NHS workers in Scotland attending to a major swine flu outbreak could see local volunteers and teachers recruited to babysit their children, the Scotsman has reported.
Emergency plans are being drawn up in the Lothians to house children in schools and other centres while their parents care for H1N1 victims.
About 20,000 NHS Lothian workers with young children would be able to work evenings and weekends under the contingency plans.
Experts believe the second wave of the infection is approaching.
NHS Lothian’s vice-chairman, Eddie Egan, said: “We have asked if we could get NHS Lothian staff’s kids to schools. It’s a major risk so we are trying to mitigate that. The use of volunteers would also be looked at.”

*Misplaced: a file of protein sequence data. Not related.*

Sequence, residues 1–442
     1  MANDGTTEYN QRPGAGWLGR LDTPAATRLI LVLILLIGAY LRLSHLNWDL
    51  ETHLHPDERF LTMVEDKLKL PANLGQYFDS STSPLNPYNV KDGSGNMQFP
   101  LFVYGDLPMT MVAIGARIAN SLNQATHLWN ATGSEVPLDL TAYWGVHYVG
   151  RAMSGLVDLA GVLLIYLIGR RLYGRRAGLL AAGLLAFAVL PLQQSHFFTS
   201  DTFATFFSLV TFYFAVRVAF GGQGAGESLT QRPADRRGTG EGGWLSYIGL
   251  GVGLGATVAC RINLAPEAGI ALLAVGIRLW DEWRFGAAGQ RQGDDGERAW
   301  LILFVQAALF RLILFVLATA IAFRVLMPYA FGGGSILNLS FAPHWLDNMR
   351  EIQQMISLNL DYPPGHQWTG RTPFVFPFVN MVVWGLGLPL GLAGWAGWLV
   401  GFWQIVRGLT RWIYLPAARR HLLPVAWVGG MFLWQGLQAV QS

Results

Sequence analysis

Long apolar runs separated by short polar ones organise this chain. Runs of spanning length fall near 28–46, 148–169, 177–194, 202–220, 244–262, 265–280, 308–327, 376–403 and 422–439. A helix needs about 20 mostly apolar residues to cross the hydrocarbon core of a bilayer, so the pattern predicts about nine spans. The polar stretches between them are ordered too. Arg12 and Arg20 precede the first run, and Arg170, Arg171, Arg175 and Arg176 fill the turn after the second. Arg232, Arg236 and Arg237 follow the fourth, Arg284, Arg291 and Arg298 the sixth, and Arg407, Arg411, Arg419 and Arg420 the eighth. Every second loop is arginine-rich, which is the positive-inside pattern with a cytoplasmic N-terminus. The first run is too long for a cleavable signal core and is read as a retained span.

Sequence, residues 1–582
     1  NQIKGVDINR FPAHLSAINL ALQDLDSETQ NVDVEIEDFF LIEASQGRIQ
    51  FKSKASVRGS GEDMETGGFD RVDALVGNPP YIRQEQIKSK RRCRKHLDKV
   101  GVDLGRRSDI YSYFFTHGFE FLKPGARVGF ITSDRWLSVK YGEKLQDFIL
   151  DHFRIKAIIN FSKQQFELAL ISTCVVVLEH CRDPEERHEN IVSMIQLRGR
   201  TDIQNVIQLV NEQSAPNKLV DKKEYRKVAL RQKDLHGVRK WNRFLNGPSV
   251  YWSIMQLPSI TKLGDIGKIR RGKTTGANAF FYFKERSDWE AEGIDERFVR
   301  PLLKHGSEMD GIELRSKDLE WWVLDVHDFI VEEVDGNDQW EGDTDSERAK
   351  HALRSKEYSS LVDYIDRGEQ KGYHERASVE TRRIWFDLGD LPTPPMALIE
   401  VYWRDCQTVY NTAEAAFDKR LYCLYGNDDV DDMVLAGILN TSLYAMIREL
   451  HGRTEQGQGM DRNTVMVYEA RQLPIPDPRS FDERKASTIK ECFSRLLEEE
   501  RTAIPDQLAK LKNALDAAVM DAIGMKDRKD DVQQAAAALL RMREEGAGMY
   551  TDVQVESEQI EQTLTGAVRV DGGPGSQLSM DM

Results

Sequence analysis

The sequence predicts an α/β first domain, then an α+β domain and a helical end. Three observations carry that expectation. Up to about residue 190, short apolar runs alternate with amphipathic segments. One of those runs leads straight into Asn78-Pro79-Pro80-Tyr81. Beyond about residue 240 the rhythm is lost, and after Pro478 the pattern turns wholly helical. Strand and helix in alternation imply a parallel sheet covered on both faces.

HR director Alan Boyter added: “Using a school and teachers could be one of the ways we could circumvent the problem.”
The NHS is also considering asking former nurses to step out of retirement and arranging for medical students to be temporarily promoted to cope with demands.
The newspaper also reported that the European Working Time Directive, recently brought in to cap the hours which nurses and doctors can work to 48 per week, would be temporarily abandoned until the situation was brought under control.
NHS Lothian employs 28,000 staff, of whom around 20,000 are thought to be parents with children who would require looking after.
It is anticipated the swine flu vaccine will arrive sometime next month, and 55,000 doses a week will be administered, with priority being given to at-risk people such as asthmatics, pregnant women and others in poor health.